~The West Texas Historical Association ~
Latest WTHA News
Welcome to the West Texas Historical Association Web page. Please feel free to browse our site and get to know us. Our executive and editorial offices are located at Texas Tech University.
Another successful conference has come to a close. Thank you to all who came to our Lubbock meeting. Photos from the meeting can viewed on our Flicker albums page. Fellow WTHAer Barbara Brannon also took numerous photographs which are viewable on her Flicker page. The 95th annual meeting of the WTHA will be in San Angelo, Texas, from April 6-7, 2018.
We are seeking donations of items for a raffle for next year's conference. The money raised from the raffle will go towards funding the R. C. Crane Excellence in Heritage Award. Items sought include such things as shirts and caps (unused), books, mugs, history related posters, stuffed animals (new), gift cards, gift baskets, and other gift type items that would appeal to a potential raffle buyer. Does your organization have any of these types of give away items? We'd sure love to have them for the raffle. Contact Lynn Whitfield for more information or to make a donation.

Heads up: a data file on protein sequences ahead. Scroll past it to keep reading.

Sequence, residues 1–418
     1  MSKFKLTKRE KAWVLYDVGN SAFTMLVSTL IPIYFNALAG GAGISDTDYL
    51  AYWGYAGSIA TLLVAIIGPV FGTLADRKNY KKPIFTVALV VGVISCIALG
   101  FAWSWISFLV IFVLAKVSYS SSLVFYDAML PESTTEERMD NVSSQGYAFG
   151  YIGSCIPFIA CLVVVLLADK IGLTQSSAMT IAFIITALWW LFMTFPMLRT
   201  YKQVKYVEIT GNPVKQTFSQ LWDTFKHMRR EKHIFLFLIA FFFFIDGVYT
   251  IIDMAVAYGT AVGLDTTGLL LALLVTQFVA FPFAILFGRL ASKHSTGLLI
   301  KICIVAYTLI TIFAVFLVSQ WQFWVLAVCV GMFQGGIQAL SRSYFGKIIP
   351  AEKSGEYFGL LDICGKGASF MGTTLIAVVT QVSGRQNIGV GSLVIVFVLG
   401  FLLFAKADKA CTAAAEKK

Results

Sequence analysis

A calendar of upcoming events [2017 meetings, workshops, and links to related organizations and societies] is available for your convenience. If you have events you would like added to our calendar, please email us.
Upcoming events in 2017:
April 21-22, 2017 - Texas Map Society's spring Meeting in College Station. Link
April 20-23, 2017 - Joint New Mexico-Arizona History Conference in Flagstaff, Arizona. Link
April 21, 2017 - 101st annual meeting of the Texas Folklore Society in Tyler, Texas. Link
April 28-29 2017 - 1st annual meeting of the Central Texas Historical Association at Blinn College in Brenham, Texas. Link
Our Members in the field:
On our On the Road pages we offer stories and photographs from the travels of our members to various part of the great state of Texas including:
Bill O'Neal and his lovely wife, Karon, have once again written up a detailed recap of our 2016 meeting in his blog, Lone Star Historian 2, along with numerous images of the presenters and attendees.
Congratulations to Alvin R. Lynn! His book, Kit Carson and the First Battle of Adobe Walls, is the 2015 winner of the Will Rogers Medallion Award.
Those attending this year's Frontier Days at Caprock Canyon State Park in Jerry Leatherman, Henry Crawford, and Marisue Potts. Ada Lester, pictured right, was promoting her upcoming Fort Elliott Buffalo Solder commemoration event set for June 14th.
Judge Vernon H. Cooks gave WTHA member Holle Humphries a tour of the refurbished courthouse of Miami. What a little gem of a building.
Tai Kreidler, Holle Humphries and Bill Neal recently the Downtown Medicine Mound Museum in Quanah, Texas. The Downtown Medicine Mound Preservation Group holds fundraising events in order to sustain the museum.